Allan Watson did me the honor of talking about his tantalizing new book, Heart Swarm, in advance of the launch Thursday, October 5, 2017, 7:30 pm UTC+01 at Waterstones in Byer Road, Glasgow, Scotland. Heart Swarm is being published by Caffeine Nights Press, and it’s fantastic!
Julie: Like your previous novels, Heart Swarm is full of disturbing and dark imagery, but it feels like a definite crime novel as opposed to your horror and fantasy books. Was this a deliberate shift of genre?
Allan: My writing has always had, ahem… genre issues. Even when I wrote 1234 which was more of a mainstream fiction novel, with a few murders thrown in for flavouring, it still got tagged in certain circles as horror. The dividing lines between horror and crime have become blurred over the years. Many crime novels I’ve read lately contain far more gruesome and visceral scenes than any pulp horror novel. But, to answer the question; yes, Heart Swarm is very definitely a crime novel. I realized if I wanted to place this book with a publisher I’d have to pitch the story in a different key. It’s still a very dark book and probably not for those who like their crime cosy and comfortable.
Julie: What did you read growing up in Glasgow and where did you get your reading material?
Allan: Growing up I was a staunch follower of Enid Blyton. I even attended Blyton Camp where the unscrupulous librarian camp leaders encouraged us to form secret societies dedicated to solving minor local crime with the help of a canine mascot. We were also taught to cycle aimlessly around the countryside, drink ginger beer until our urine stung like sulphuric acid, play lacrosse and most importantly, to treat the working class with hostility and unbridled suspicion. Only the subsequent discovery I myself came from humble working class stock gave me the courage to break away from this dangerous cult. From there I stumbled upon Herge’s Adventures of Tin Tin and so began my passion for Plus Fours, Calculus and Haddock. I also loved The Three Investigators. Jupiter Jones was such a cool role model. It’s his fault I spent a period of my life stuffing my face with chocolate-flavoured lard and casually dropping long words such as onomatopoeia and cliterodectomy into conversations with my friends.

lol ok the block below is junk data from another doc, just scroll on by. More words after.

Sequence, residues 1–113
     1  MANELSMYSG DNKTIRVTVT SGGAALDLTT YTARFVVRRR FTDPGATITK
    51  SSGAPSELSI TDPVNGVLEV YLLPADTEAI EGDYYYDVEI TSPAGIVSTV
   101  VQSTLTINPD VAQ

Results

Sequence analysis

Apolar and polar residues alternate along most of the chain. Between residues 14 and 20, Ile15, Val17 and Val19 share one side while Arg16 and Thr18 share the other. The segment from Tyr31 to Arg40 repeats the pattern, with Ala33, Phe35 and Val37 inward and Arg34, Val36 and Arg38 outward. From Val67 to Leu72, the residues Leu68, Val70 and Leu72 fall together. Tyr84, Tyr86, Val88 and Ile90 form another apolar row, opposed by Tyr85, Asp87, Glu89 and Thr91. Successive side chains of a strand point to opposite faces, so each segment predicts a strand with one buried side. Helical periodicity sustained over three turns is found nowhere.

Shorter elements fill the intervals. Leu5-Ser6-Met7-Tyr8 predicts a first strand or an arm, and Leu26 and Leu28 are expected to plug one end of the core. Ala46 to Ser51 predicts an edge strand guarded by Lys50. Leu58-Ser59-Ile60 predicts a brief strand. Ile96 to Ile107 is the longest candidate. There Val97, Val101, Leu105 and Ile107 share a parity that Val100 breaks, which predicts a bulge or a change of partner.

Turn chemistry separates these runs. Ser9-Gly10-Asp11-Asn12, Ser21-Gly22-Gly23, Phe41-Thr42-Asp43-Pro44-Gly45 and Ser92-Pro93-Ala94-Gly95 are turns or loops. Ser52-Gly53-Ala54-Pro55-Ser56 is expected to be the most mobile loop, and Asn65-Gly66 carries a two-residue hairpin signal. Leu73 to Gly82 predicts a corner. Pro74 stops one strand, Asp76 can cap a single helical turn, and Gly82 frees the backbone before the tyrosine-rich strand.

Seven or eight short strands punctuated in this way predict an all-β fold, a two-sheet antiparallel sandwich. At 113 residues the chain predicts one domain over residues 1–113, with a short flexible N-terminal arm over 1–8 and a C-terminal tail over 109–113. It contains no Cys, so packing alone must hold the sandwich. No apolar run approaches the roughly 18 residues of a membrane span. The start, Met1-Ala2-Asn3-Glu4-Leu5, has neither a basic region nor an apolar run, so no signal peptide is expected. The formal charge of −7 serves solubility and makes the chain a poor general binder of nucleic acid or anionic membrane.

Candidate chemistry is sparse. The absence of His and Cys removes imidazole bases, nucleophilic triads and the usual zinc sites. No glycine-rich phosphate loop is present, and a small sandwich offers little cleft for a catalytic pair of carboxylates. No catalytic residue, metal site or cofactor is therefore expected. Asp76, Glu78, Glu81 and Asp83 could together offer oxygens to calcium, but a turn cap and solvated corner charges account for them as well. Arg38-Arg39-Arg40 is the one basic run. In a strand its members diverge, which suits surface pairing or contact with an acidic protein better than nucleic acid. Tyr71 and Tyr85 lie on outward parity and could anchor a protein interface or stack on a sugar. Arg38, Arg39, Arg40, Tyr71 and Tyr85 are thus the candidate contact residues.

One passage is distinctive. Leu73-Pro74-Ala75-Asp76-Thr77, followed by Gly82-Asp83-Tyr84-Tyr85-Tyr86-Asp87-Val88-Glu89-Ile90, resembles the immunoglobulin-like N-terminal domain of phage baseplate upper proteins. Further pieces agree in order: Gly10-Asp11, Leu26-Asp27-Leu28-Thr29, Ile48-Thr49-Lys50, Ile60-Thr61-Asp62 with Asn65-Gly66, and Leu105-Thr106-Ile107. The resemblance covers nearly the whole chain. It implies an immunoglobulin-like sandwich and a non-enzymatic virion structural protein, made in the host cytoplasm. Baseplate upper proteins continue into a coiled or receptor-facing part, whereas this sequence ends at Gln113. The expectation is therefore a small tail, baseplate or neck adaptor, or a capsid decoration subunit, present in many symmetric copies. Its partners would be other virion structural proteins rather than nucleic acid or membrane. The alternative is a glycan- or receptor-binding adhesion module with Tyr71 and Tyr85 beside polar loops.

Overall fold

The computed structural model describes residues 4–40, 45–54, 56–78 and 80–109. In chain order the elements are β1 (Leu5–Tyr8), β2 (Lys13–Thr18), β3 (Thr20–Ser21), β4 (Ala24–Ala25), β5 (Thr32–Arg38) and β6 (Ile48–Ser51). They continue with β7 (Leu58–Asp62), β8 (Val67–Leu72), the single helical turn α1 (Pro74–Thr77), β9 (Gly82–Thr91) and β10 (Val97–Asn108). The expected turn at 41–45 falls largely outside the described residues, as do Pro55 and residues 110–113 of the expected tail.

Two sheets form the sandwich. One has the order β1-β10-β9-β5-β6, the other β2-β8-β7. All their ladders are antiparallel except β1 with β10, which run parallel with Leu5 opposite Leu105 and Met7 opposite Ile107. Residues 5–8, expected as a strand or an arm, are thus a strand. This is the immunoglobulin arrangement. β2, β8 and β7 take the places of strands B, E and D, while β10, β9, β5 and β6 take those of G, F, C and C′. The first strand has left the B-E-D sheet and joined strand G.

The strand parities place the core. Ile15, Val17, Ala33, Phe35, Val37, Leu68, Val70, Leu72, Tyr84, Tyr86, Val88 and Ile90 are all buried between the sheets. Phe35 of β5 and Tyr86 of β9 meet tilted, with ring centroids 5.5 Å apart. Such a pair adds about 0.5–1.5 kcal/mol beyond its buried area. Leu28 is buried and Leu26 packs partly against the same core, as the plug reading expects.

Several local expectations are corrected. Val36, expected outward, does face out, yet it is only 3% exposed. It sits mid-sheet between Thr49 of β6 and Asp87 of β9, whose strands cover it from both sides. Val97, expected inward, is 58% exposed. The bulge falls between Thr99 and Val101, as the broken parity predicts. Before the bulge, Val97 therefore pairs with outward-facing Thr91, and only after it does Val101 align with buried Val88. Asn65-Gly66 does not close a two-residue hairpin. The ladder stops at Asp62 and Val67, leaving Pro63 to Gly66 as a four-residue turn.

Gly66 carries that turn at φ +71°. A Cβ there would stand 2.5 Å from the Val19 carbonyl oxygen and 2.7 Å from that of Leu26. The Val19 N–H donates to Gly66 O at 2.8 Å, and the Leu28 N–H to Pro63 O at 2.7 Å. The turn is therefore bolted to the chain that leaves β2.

Julie: When did you start writing?
Allan: Seems I’ve always been writing in some shape or form. Lyrics, poems, jokes, hit-lists, ransom demands. Does graffiti count?
Julie: Of course. Your books are full of crime, mystery, humor, sex, gore and lots of surprises. How do you get your ideas?
Allan: I set traps for them at night. Little earthenware bowls filled with jam and honey. Obviously you have to sift the good from the bad. The good ones get stored away for later use. The bad ones I stomp on. They make a funny squishy noise when you do that.
Julie: Your books have a tinge of supernatural, sometimes sci fi even- travel between parallel worlds, beings from other galaxies; do you read any sci fi and how has it influenced you?
Allan: I got hooked on Ray Bradbury as a young teenager. His descriptive prose was a revelation and I loved the way he seamlessly shape-shifted between science fiction, horror and dystopian fantasy. His work gave me a real appetite for sci fi and I soon started working my way through the golden greats such as Isaac Asimov and Robert A. Heinlein. Later on I fell in love with Iain Banks’ Culture novels and Stephen Donaldson’s Gap series. The fact that science fiction has always enjoyed the allure of limitless possibilities did influence me to push the boundaries of my own work and never feel restricted to only writing about what is solid and tangible. Life is too short for cold, hard reality.